Friday, July 29, 2011

On Gay Marriage and Polygamy

Recently, my favorite conservative, Bogart, asked me about the legal challenges to anti-polygamy laws using the precedents from the gay marriage debate to argue that government has no right to prohibit the actions of consenting adults.  I have a distinct impression that Bogart was trying to bait me into saying that either (a) the precedents such as Lawrence v. Texas were wrong; or (b) that polygamy is all good.  The thing is, same sex marriage and polygamy are two different things.  When states allow same sex marriage, the following happens:
In other words, states print up the marriage licenses (and get paid for them), but otherwise everything remains the same.  Marriage, in the government's eyes is simply a way property is distributed.  Two people want to enter into an agreement to share property for whatever reason, government is good with that.  There was a time when traditional gender roles were entrenched in government family law statutes (making same-sex marriage a bitch to administer), but those days have long since passed.  As Judge Walker noted in his ruling overturning Proposition 8 (California's gay marriage ban), there is simply no half-assed reason to keep the ban.*

Polygamy is a completely different animal.  For one, plural generally occurs when there is a distinct power imbalance between the sexes.  Indeed, plural marriage would necessitate that one gender is dominant.  If I had three wives, I could afford to piss off two of them at any one time, and be fine.  And if I managed to piss off all of my wives, I could just as easily find a new wife.  This is why cultures that allow plural marriage tend to have an extreme inequality between the sexes.  For this reason alone, plural marriage would violate the governmental policy of equality between the sexes.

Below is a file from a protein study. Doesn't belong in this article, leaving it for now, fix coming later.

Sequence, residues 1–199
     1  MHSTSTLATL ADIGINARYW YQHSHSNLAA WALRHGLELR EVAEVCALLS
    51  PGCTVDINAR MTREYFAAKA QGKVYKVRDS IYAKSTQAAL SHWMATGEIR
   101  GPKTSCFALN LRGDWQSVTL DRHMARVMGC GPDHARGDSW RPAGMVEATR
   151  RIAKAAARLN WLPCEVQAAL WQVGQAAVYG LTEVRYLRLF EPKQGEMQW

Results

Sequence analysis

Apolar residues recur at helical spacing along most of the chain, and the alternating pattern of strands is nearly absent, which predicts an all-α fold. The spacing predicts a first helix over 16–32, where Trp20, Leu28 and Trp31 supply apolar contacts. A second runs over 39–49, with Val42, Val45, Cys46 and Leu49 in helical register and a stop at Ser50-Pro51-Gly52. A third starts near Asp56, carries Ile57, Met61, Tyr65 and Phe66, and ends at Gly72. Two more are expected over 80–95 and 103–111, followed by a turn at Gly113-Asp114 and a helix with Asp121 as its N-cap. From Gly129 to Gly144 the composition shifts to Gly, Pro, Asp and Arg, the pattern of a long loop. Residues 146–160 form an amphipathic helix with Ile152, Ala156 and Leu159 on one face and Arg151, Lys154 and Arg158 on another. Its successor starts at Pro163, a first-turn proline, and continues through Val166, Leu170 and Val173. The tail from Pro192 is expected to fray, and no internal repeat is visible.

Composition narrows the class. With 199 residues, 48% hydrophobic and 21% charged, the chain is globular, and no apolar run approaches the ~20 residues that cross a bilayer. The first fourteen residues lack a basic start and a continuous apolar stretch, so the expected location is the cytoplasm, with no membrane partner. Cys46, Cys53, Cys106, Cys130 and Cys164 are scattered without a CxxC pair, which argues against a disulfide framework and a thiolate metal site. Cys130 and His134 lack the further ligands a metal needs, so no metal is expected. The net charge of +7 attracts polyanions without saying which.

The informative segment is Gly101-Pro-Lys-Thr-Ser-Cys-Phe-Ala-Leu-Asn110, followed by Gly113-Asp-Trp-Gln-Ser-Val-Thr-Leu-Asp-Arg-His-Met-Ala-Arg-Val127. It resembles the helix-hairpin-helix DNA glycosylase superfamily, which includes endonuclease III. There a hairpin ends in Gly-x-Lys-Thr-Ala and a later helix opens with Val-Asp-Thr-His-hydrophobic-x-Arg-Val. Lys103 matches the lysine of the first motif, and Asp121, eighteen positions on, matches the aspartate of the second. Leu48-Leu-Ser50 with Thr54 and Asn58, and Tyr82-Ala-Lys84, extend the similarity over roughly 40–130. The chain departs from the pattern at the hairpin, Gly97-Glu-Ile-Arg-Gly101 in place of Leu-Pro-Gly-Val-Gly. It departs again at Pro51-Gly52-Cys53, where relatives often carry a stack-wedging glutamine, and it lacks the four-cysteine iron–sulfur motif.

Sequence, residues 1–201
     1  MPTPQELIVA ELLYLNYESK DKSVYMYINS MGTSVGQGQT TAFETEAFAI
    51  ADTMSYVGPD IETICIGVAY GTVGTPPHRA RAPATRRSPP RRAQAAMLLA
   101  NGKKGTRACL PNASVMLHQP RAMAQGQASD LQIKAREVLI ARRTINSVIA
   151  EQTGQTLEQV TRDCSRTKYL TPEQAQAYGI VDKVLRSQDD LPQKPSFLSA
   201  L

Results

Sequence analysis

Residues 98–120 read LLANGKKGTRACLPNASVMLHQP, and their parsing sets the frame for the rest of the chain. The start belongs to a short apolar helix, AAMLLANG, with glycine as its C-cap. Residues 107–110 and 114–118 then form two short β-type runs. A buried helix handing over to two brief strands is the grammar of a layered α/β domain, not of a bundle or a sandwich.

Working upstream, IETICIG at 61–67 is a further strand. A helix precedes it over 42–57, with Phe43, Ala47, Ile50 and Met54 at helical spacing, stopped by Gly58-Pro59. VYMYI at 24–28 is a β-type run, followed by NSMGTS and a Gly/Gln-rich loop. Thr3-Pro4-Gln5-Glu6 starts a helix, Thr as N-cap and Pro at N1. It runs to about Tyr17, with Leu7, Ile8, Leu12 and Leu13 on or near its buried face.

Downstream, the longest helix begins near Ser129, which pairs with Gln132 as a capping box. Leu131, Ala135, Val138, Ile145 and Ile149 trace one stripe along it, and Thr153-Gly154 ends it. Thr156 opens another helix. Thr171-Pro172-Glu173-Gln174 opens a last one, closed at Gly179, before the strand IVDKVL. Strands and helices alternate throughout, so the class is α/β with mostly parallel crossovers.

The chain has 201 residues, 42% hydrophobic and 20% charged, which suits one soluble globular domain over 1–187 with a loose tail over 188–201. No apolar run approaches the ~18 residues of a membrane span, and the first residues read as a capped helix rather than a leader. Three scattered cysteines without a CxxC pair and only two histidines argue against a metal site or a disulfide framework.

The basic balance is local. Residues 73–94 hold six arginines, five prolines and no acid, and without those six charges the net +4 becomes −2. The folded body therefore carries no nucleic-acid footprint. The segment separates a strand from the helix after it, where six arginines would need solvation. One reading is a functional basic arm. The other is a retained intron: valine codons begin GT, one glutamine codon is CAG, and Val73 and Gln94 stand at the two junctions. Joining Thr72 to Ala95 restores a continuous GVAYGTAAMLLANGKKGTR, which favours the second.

Now, a way to avoid the inequality, of course, would be to allow my hypothetical wives to marry other men while being married to me.  But ultimately, this leads to the other problem with plural marriage - it would require states to redefine marriage.  Now, this argument has been made about same sex marriage, but in the case of same-sex marriage, the only difference between same-sex marriage, and opposite sex marriage without traditional gender roles is who is getting married, and maybe the sexual practices of the participants in that marriage.  That's not a good reason to ban same-sex marriage.